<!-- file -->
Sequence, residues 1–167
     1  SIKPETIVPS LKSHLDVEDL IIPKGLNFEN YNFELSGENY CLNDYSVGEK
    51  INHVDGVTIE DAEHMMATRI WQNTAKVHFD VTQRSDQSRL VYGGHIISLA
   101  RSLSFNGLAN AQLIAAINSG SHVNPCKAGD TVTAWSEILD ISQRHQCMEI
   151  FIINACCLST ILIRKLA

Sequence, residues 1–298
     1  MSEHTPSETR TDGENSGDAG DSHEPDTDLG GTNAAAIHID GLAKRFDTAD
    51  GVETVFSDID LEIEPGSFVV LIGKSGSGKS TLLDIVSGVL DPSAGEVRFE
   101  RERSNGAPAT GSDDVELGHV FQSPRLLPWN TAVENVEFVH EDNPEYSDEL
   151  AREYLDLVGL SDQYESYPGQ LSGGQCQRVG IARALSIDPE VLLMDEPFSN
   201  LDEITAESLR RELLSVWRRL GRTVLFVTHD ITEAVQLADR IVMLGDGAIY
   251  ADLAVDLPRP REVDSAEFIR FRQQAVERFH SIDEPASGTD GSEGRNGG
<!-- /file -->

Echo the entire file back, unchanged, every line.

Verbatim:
Sequence, residues 1–167
     1  SIKPETIVPS LKSHLDVEDL IIPKGLNFEN YNFELSGENY CLNDYSVGEK
    51  INHVDGVTIE DAEHMMATRI WQNTAKVHFD VTQRSDQSRL VYGGHIISLA
   101  RSLSFNGLAN AQLIAAINSG SHVNPCKAGD TVTAWSEILD ISQRHQCMEI
   151  FIINACCLST ILIRKLA

Sequence, residues 1–298
     1  MSEHTPSETR TDGENSGDAG DSHEPDTDLG GTNAAAIHID GLAKRFDTAD
    51  GVETVFSDID LEIEPGSFVV LIGKSGSGKS TLLDIVSGVL DPSAGEVRFE
   101  RERSNGAPAT GSDDVELGHV FQSPRLLPWN TAVENVEFVH EDNPEYSDEL
   151  AREYLDLVGL SDQYESYPGQ LSGGQCQRVG IARALSIDPE VLLMDEPFSN
   201  LDEITAESLR RELLSVWRRL GRTVLFVTHD ITEAVQLADR IVMLGDGAIY
   251  ADLAVDLPRP REVDSAEFIR FRQQAVERFH SIDEPASGTD GSEGRNGG